Jim Hansen has served as director of the NASA Goddard Institute for Space Studies (GISS) in New York since 1981. He is also adjunct professor of earth and environmental sciences at Columbia University. With a PhD in physics and an MS in astronomy from the University of Iowa, Hansen has long held the belief that the most exciting planetary research involves increasing our knowledge of climate change on earth, particularly changes caused by human influences on atmospheric composition. With colleagues at GISS and abroad, he is developing and applying global numerical models to better understand climate trends. For him, the scientific excitement in comparing theory with data, and developing some understanding of global changes that are occurring, is what makes all the other stuff worthwhile.
In January 2009, Hansen received the Carl-Gustaf Rossby Research Medal, the American Meteorological Society’s highest honor. He was also named by EarthSky Communications and a panel of 600 scientist-advisors as the 2008 Scientist Communicator of the Year for being an outspoken authority on climate change and for communicating clearly with the public about vital science issues and concepts.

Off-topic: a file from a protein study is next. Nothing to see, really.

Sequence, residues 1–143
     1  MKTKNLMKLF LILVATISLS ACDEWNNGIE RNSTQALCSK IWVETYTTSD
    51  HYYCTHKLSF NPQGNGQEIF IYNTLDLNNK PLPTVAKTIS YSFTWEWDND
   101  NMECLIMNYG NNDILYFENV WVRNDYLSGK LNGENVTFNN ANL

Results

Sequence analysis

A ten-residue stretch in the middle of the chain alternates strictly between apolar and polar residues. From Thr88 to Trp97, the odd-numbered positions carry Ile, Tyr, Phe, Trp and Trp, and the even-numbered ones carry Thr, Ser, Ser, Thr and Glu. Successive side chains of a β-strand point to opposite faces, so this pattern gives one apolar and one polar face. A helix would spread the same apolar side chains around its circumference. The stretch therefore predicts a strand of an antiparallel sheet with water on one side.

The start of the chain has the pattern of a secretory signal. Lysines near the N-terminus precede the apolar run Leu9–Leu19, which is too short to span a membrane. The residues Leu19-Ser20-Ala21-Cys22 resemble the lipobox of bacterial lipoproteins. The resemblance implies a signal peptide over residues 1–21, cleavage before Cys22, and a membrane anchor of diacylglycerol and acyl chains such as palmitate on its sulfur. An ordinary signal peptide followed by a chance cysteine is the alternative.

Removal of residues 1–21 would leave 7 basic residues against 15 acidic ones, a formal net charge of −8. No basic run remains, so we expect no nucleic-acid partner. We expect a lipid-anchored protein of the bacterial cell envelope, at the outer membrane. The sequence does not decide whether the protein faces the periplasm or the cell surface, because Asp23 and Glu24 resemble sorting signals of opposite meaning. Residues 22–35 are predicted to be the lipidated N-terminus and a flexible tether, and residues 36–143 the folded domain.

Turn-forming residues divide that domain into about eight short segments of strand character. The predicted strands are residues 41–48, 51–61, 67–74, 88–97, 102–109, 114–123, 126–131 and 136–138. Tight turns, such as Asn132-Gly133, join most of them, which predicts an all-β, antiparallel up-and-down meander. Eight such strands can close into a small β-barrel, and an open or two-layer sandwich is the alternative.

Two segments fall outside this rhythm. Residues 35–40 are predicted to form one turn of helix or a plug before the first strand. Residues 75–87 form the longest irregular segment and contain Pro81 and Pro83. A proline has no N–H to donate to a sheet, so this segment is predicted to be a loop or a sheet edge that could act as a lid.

Hansen is a member of the National Academy of Sciences and a fellow of the American Geophysical Union, which awarded him the Roger Revelle Medal in 2002. He is also a recipient of the Leo Szilard Lectureship Award of the American Physical Society. He has won two U.S. Presidential Rank awards for meritorious service as a government executive and is a Dan David Prize laureate.